There’s no shortage of reasons why dyed-in-the-wool American whiskey geeks—especially people who got into the bourbon world before the hype cycle came to entirely revolve around Buffalo Trace—tend to have a great fondness for Wild Turkey. They make great bourbon and rye whiskey, for one, with a house style that arguably makes Wild Turkey (and Russell’s Reserve by extension) the most unique of the major, old school Kentucky bourbon distilleries at a glance. They also have a reputation for offering some of the best pure value on the whiskey shelf, from stalwarts like Wild Turkey 101, to accessible cask strength bottles such as Rare Breed. By and large, WT tends to keep itself clear of many of the nitpicks that bother whiskey geeks, and they’re understandably beloved for it.
This newest limited release, however, is a whole new beast in a few key ways. The first in a new series of “Single Rickhouse” selections, Russell’s Reserve Single Rickhouse (Camp Nelson C) contains some of the last bourbon from a decommissioned rickhouse that is no more, allowing a rare look at Turkey history. But it also feels like a bit of a sobering warning from the Campari-owned company, with an eye-popping $250 price tag that suggests Wild Turkey has perhaps had enough of producing critically acclaimed products that resell for 10 times their MSRP on the secondary market. This bottle is unique in several ways, yes. But could anything be unique enough to justify this kind of unprecedented MSRP? We’ll have to taste and see.
Looking at other recent Turkey releases of great acclaim, though, it’s hard to work out the logic here. Russell’s Reserve 13 Year debuted last year to huge acclaim, and it proved to be one of my favorite overall whiskeys of 2021. But even that 13-year-old, age-stated brand was initially released at an MSRP of just $70, eventually bumped up to $100 on a second batch. Likewise, even the Master’s Keep releases of the last few years have only gone as high as $175, and there were no shortage of folks complaining about that. How does one get another $75 higher? It’s a quantum leap in terms of pricing, and if there’s something that specifically justifies it—other than the rarity of the liquid, which has no age statement—the marketing simply hasn’t done a good enough job of explaining or highlighting it.
Say that the MSRP is only a function of rarity, though—does that mean that future Single Rickhouse releases from rickhouses that haven’t been decommissioned would be dramatically more affordable? It certainly seems like that should logically be the case, but does it seem like how Campari would launch a new product series? Does it seem likely they have a $250 first release, and then transition to $100 bottles on the second? If all of these bottles still sell out, and consumers are still successful in flipping them for twice MSRP or more, then won’t Campari and co. have every reason in the world to come up with reasons to keep selling at the $250 price point?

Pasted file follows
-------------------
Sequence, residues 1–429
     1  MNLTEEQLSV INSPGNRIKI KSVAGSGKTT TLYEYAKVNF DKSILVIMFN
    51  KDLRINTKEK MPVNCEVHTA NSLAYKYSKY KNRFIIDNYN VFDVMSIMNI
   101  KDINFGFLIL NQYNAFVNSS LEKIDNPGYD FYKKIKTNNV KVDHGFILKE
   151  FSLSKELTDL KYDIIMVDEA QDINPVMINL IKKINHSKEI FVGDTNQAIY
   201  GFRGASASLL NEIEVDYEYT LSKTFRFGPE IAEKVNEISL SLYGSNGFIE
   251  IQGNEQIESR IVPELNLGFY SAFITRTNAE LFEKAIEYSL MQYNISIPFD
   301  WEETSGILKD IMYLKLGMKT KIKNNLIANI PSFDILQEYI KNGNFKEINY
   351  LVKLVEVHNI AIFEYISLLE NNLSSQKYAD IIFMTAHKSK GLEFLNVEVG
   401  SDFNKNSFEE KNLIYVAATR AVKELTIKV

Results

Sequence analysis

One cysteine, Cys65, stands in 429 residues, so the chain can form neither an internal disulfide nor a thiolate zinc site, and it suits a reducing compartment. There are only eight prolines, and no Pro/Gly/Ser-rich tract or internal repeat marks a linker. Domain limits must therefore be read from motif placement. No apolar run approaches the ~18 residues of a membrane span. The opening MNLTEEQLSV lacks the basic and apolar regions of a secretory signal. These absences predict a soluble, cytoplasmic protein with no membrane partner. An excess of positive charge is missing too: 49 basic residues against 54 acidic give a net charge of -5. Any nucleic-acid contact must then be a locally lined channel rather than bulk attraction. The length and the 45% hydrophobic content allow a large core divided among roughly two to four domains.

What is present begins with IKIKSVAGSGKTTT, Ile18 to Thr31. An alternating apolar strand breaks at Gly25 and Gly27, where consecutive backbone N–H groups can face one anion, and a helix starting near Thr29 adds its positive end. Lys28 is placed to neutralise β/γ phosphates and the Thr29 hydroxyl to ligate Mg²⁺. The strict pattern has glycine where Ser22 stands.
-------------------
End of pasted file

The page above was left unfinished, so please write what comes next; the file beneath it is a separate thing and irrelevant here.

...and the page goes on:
This isn’t really the topic I’d like to be discussing when it comes to this release, so I’ll leave it at that. Regardless, any Turkey fan will no doubt be excited to taste something from a specific Camp Nelson rickhouse, considering that the barrels aged at the Camp Nelson site have a reputation for being among the most unique and individualistic of WT’s lineup. This particular batch, as previously stated, has no age statement, and is bottled at a cask strength of 56.2% ABV (112.4 proof).
So with all that said, let’s get to tasting.
On the nose, this one is exotic and earthy, with a musty, slightly funky oak character that is also redolent in barrel char and bright tones of orange citrus. I’m getting vanilla, along with very dark fruit tones (bramble fruit), molasses and dark chocolate, perhaps with a mocha edge to it. A little earthy rye grain also shows through, but the impressions are quite dark and oak inflected overall.
On the palate, this one heads in a similar direction—first sweet, then spicy, earthy and oaky. The front end has some nice sweetness, and significant vanilla cream and caramel, followed by pipe tobacco savoriness and more powerful smoky char. Old oak impressions are slightly funky, and significantly tannic, certainly evoking the spirit of the rickhouse as was no doubt intended. The roastiness comes through in a big way, bringing some charred (almost burnt) astringency, before a finish that highlights more baking spice with an almost root beer-like quality. For the proof, it’s certainly punchy and full of flavor, though I suspect this profile might be too dominated by char and roast for some.
All in all, you can’t argue that the first of these Single Rickhouse releases (Camp Nelson C) is lacking in terms of individuality or unique characteristics. That’s something Wild Turkey almost always seems to do well. But I’m not even sure how superlative and delicious this release would need to be to genuinely justify its price tag. Suffice to say, although I like this, I still like the Russell’s Reserve 13 release more, and its initial release was 28% the price tag. I certainly wouldn’t begrudge paying more than that for a bottle like Russell’s Reserve 13, but I’m not sure any kind of bourbon could sustain a $250 MSRP for long. It will be interesting to see how Campari/WT approaches this Single Rickhouse series in the future.
Distillery: Wild Turkey/Russell’s Reserve
City: Lawrenceburg, KY
Style: Kentucky straight bourbon whiskey
ABV: 56.2% (112.4 proof)
Availability: 750 ml bottles, $250 MSRP
Jim Vorel is a Paste staff writer and resident brown liquor geek. You can follow him on Twitter for more drink writing.